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In chapter 28 of Landau-Lifshitz Classical Mechanics textbook they try to explain how to get the motion of a particle with the Lagrangian:

$L=\frac{1}{2}m\dot{x}^{2}-\frac{1}{2}m w_{0}^{2}x^{2}-\frac{1}{3}m\alpha x^{3}-\frac{1}{4}m\beta x^{4}$

by using successive approximations for solve the motion equation:

$\ddot{x}+w_{0}^{2}x=-\alpha x^{2}-\beta x^{3}$

As far as my teacher explained to us, the successive approximations method consists in supposing a solution:

$x=x^{(1)}+x^{(2)}+x^{(3)}+...$

where

$\ddot{x^{(1)}}+w_{0}^{2}x^{(1)}=0$

$\ddot{x^{(2)}}+w_{0}^{2}x^{(2)}=\alpha (x^{(1)})^{2}-\beta (x^{(1)})^{3} $

$\ddot{x^{(3)}}+w_{0}^{2}x^{(3)}=\alpha (x^{(2)})^{2}-\beta (x^{(2)})^{3} $

and so on...

If we define $x^{(1)}=a\cos(wt)$ where $w=w_{0}+w^{(1)}+w^{(2)}+w^{(3)}+...$

replacing $x^{(1)}$ to get $x^{(2)}$ I don't get what Landau gets:

$\ddot{x^{(2)}}+w_{0}^{2}x^{(2)}=-\alpha a^{2}\cos(wt)^{2}+2w_{0}w^{(1)}a\cos(wt)$

where is easy to see that we must set $w^{(1)}=0$ in order to avoid resonance.

But the text does not develop the calculation.

Is the way I see the method of successive approximations described by Landau correct? How do I get to that result? Thank you!

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  • $\begingroup$ is your $w^{(0)}$ same as $w_0$... there is no $w^{(0)}$ defined in your expansion and clearly $w_0\ne 0$. $\endgroup$ – ZeroTheHero Sep 29 at 21:38
  • $\begingroup$ No, $w^{(0)}$ refers to first order aproximation , $w_{0}$ is just the frecuency, i forget to write the $w^{(0)}$ in $w$, that is: $w=w_{0}+w^{(0)}+w^{(1)}+...$.. sorry. $\endgroup$ – Cast fj Sep 29 at 21:57
  • $\begingroup$ this does not make sense as written. If the perturbation is $0$ (i.e. $\alpha=\beta=0$) the frequency should be $w_0$, not $w_0+w^{(0)}$ as you have it, OR your counting of frequencies is not done right and $w^{(0)}$ should be $w^{(1)}$ etc. $\endgroup$ – ZeroTheHero Sep 29 at 22:04
  • $\begingroup$ ok, as landau does, start counting from 1 $\endgroup$ – Cast fj Sep 29 at 22:09
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    $\begingroup$ I will note that if you are expecting Landau and Lifshitz to provide detailed steps, you will be sorely disappointed. $\endgroup$ – Jon Custer Sep 29 at 23:01
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Given $$\ddot{x} + \omega_0^2 x = - \alpha x^2 - \beta x^3,$$ a series solution of the form $$ x = x_1 + x_2 + x_3 + ...$$ where $x_r$ is of order $r$ implies $$(\ddot{x}_1 + \ddot{x}_2 + ..) + \omega_0^2 (x_1 + x_2 + ..) = - \alpha (x_1 + x_2 + ..)^2 - \beta (x_1 + x_2 + ..)^3$$ and so expanding and equating terms of order $r$ one is going to find equations with cross terms like $\ddot{x}_3 + \omega_0^3 x_3 = - \beta x_1^3 - 2 \alpha x_1 x_2$ which your list of approximations does not factor in.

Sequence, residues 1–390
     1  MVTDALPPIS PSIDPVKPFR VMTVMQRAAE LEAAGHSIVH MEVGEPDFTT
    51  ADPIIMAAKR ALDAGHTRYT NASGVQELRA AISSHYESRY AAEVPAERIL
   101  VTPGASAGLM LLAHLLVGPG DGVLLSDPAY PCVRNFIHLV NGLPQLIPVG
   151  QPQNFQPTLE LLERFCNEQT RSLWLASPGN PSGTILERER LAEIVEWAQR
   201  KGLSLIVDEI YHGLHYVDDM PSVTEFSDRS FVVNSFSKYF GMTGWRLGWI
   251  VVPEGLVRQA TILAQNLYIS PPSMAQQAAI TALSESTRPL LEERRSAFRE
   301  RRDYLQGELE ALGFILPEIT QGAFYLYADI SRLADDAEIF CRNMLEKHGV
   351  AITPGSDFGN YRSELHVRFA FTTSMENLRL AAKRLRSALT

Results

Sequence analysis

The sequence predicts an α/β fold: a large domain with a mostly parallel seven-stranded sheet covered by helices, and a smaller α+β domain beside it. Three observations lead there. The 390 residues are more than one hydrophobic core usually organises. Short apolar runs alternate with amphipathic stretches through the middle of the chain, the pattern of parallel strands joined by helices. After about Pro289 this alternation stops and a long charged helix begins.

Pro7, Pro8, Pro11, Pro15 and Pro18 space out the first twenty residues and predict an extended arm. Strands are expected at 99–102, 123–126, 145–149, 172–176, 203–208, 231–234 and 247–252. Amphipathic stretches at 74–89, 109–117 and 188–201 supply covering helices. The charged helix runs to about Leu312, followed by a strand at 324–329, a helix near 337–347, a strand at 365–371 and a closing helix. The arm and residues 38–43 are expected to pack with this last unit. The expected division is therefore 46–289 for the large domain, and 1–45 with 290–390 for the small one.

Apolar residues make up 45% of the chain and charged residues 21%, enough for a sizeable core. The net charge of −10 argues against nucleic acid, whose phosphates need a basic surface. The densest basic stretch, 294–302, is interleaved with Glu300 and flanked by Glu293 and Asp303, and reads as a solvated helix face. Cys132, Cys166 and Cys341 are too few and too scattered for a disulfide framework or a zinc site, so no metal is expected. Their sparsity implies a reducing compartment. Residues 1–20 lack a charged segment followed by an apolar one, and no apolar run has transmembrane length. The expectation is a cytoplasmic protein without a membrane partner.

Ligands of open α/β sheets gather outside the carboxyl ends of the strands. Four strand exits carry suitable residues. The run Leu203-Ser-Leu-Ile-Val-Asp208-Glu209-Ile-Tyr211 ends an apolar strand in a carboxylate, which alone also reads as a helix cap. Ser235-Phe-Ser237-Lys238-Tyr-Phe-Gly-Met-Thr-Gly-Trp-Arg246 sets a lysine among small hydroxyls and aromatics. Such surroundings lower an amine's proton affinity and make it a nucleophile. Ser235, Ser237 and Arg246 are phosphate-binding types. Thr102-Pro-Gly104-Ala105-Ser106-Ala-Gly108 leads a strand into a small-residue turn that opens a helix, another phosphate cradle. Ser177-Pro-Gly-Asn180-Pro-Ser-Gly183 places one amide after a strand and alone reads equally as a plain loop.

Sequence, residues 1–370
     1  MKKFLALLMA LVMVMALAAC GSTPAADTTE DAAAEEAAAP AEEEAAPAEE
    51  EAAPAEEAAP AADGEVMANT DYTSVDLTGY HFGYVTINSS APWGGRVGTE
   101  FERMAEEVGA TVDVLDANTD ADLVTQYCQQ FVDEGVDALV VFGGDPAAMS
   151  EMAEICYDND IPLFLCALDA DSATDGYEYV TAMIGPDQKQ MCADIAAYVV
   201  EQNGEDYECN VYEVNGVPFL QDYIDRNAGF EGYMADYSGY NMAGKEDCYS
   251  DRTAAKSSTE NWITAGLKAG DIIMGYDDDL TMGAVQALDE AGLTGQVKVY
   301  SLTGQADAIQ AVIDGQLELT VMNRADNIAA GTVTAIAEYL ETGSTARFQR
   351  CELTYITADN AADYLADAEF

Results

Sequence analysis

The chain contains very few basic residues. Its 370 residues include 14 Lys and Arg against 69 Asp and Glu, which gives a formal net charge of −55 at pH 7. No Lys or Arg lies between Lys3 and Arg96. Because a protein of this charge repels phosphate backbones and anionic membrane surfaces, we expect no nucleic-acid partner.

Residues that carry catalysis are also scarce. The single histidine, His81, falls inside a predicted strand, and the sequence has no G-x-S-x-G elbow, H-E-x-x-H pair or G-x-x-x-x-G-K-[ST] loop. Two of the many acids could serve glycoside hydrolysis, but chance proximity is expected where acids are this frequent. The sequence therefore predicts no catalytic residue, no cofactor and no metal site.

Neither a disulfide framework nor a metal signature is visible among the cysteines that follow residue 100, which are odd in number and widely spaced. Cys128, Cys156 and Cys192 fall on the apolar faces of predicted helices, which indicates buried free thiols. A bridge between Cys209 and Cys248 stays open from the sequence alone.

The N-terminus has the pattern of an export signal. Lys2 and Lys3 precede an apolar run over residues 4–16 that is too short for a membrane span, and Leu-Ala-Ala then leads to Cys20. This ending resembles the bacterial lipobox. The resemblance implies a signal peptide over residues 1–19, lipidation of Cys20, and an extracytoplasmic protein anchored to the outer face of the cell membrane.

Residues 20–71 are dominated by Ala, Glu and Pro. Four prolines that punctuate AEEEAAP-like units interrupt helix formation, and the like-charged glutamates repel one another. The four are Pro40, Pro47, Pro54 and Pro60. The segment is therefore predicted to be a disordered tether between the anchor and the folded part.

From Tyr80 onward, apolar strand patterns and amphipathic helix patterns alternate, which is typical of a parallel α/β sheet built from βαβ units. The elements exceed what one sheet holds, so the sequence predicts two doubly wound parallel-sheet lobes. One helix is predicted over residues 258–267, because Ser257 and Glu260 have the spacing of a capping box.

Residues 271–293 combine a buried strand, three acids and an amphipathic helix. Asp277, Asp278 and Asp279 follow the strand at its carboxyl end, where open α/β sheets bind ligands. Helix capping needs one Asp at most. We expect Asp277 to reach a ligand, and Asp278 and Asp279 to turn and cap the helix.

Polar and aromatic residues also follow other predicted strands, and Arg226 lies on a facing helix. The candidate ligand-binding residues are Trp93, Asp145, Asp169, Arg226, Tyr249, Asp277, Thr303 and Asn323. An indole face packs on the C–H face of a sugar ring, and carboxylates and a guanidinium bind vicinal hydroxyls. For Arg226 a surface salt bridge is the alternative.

To solve the equation, write it in the form $$\omega_0^2 x = - \alpha x^2 - \beta x^3 - \ddot{x}$$ and then add $\frac{\omega_0^2}{\omega^2} \ddot{x} $ to both sides $$\frac{\omega_0^2}{\omega^2} \ddot{x} + \omega_0^2 x = - \alpha x^2 - \beta x^3 + (\frac{\omega_0^2}{\omega^2} - 1) \ddot{x}$$ then set $\omega = \omega_0 + \omega_1$ with $\omega_1$ of first order of smallness, and $$x = x_1 + x_2 = a \cos (\omega t) + x_2 = a \cos [(\omega_0 + \omega_1) t] + x_2,$$ with $x_1$ and $x_2$ of first and second order of smallness respectively (note $x_1 x_2 = 0$, $\omega_1 x_2 = 0$ and $\omega_1^2 x_1 = 0$ thus hold if we neglect all terms above the second order of smallness), so that $$ \ddot{x} = - a (\omega_0 + \omega_1)^2 \cos[(\omega_0 + \omega_1) t] + \ddot{x}_2 = - (\omega_0 + \omega_1)^2 x_1 + \ddot{x}_2 .$$ The left-hand side is \begin{align} \frac{\omega_0^2}{\omega^2} \ddot{x} + \omega_0^2 x &= \frac{\omega_0^2}{\omega^2} [- (\omega_0 + \omega_1)^2 x_1 + \ddot{x}_2] + \omega_0^2 (x_1 + x_2) \\ &= \omega_0^2 x_2 + \frac{\omega_0^2}{\omega^2} \ddot{x}_2 + \omega_0^2 x_1 - \frac{\omega_0^2}{\omega^2} (\omega_0 + \omega_1)^2 x_1 \end{align} while the right-hand side is \begin{align} - \alpha x^2 - \beta x^3 + (\frac{\omega_0^2}{\omega^2} - 1) \ddot{x} &= - \alpha (x_1 + x_2)^2 - \beta (x_1 + x_2)^3 + (\frac{\omega_0^2}{\omega^2} - 1) [- (\omega_0 + \omega_1)^2 x_1 + \ddot{x}_2] \\ &= - \alpha (x_1^2 + 0) - \beta \cdot 0 + \frac{\omega_0^2}{\omega^2} [- (\omega_0 + \omega_1)^2 x_1 + \ddot{x}_2] - [ - (\omega_0 + \omega_1)^2 x_1 + \ddot{x}_2] \\ &= - \alpha x_1^2 - \frac{\omega_0^2}{\omega^2} (\omega_0 + \omega_1)^2 x_1 + \frac{\omega_0^2}{\omega^2} \ddot{x}_2 + (\omega_0 + \omega_1)^2 x_1 - \ddot{x}_2 \end{align} Equating both sides then solving for $\ddot{x}_2 + \omega_0^2 x_2$ this becomes \begin{align} \ddot{x}_2 + \omega_0^2 x_2 &= - \{ + \frac{\omega_0^2}{\omega^2} \ddot{x}_2 + \omega_0^2 x_1 - \frac{\omega_0^2}{\omega^2} (\omega_0 + \omega_1)^2 x_1 \} \\ & \ \ \ \ \ + \{ - \alpha x_1^2 - \frac{\omega_0^2}{\omega^2} (\omega_0 + \omega_1)^2 x_1 + \frac{\omega_0^2}{\omega^2} \ddot{x}_2 + (\omega_0 + \omega_1)^2 x_1 \} \\ &= - \{ + \frac{\omega_0^2}{\omega^2} \ddot{x}_2 + \omega_0^2 x_1 \} + \{ - \alpha x_1^2 + \frac{\omega_0^2}{\omega^2} \ddot{x}_2 + (\omega_0^2 + 2 \omega_0 \omega_1 + \omega_1^2) x_1 \} \\ &= - \{ + \omega_0^2 x_1 \} + \{ - \alpha x_1^2 + (\omega_0^2 + 2 \omega_0 \omega_1 + \omega_1^2) x_1 \} \\ &= + \{ - \alpha x_1^2 + (+ 2 \omega_0 \omega_1 + \omega_1^2) x_1 \} \\ &= + \{ - \alpha x_1^2 + (+ 2 \omega_0 \omega_1) x_1 \} \\ &= - \alpha x_1^2 + 2 \omega_0 \omega_1 x_1 \\ &= - \alpha a^2 \cos^2(\omega t) + 2 \omega_0 \omega_1 a \cos (\omega t) \end{align}

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